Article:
The Blind Pig family has been lucky this winter-none of us have been sick much-I feel like I should say knock on wood-and actually knock-that’s what Granny would do. My niece and I shared a lovely stomach bug on Thanksgiving night-I may never want to eat Turkey again-but other than that we’ve mostly been well.
Some of you may remember-in the winter of 2009 I had the worst case of flu I’ve ever had-well I’ve only had the real flu twice-so maybe I should say-I was sicker than I’ve ever been in my life. I couldn’t even let my Blind Pig readers know-I finally had The Deer Hunter let everyone know-I hadn’t died although I felt like I might. If you missed the posts you can read about it here:
I remember learning about the 1918 Flu Epidemic in school-seems like it was in Elementary School. I’m sure I thought it was interesting and sad-but 2 things made the stark reality of the Epidemic come alive for me. One was my bout of the flu in 09-I truly did think I was near death’s door more than once-and the other was when I first visited one of the old cemeteries that are scattered through out the Smoky Mountain National Park.
Proctor was the first cemetery I visited along with the kids from TLC! I was so busy snapping photos I didn’t take time to really read the info on the stones-until one of the students pointed out several from the same family who died within days of each other. Right away I thought of the flu of 1918.
While it was obvious some of the stones in the Proctor Cemetary were from the era of the Great Flu-we soon noticed other mass casualties from the same family occurred in different time frames. Although it had been months since I had the flu-as I looked and thought about the heartache those families endured by loosing more than one beloved to the 1918 Flu or to some other spreading illness-it made me so thankful to live in the days of modern medicine with fever reducers in my medicine cabinet.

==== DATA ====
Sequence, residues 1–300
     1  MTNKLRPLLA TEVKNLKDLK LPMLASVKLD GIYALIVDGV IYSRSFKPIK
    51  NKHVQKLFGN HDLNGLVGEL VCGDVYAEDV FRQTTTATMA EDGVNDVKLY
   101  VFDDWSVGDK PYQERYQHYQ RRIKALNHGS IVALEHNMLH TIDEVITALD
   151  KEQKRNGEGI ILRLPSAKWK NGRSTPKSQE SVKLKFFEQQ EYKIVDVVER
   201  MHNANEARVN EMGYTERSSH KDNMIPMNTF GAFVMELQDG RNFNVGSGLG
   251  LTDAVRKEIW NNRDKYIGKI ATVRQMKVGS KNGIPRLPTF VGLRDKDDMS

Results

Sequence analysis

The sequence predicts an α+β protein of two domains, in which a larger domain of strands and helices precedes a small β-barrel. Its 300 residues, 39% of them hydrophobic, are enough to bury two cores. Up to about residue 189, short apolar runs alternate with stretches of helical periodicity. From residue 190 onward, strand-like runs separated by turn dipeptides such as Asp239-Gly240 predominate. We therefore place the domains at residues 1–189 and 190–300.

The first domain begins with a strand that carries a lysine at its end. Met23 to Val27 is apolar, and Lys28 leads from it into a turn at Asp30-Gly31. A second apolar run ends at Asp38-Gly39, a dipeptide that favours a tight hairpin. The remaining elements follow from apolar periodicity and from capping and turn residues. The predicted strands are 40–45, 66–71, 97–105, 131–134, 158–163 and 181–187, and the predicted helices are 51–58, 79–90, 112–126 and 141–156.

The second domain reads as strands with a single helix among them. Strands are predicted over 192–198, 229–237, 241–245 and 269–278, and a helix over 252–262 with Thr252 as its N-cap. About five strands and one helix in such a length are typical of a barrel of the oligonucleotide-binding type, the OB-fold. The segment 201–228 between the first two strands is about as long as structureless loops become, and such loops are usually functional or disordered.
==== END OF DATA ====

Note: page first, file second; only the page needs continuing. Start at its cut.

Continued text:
In 1918 The NC Board of Health offered the following advice about the Flu Epidemic:
“Influenza and What You Should Know About It,” Bulletin of the North Carolina Board of Health, 33:5 (1918), pp. 38–39.
How and Where Influenza is Spread
- By careless spitting, coughing, sneezing, and using the same drinking vessel or towel others have used. The disease germs are carried in the spittle and in the little drops of secretion from the nose and throat.
- In crowds and public gatherings, churches, schools, picture shows, business houses, fairs, circuses, trains, or in any other places where people congregate. Soda fountains are especially dangerous if they do not supply individual sanitary cups and sterilized spoons.
How to Keep Away From Taking Influenza
- Keep away from crowds, especially indoor gatherings.
- Avoid people who cough, sneeze and spit without holding a handkerchief over the nose and mouth.
- Do not use common drinking cups or towels, and keep away from the soda fountain that does not supply individual cups and sterilized spoons.
- Keep the bowels open. Snuff Vaseline up the nose three times a day. Gargle mouth and throat and rinse out nose with warm salt water, using a level teaspoonful of salt to a glass of warm water. Sleep and eat regularly. These are very important.
- Keep in the open air and sunshine as much as practicable and have good ventilation in the home and office. Sleep with your windows open.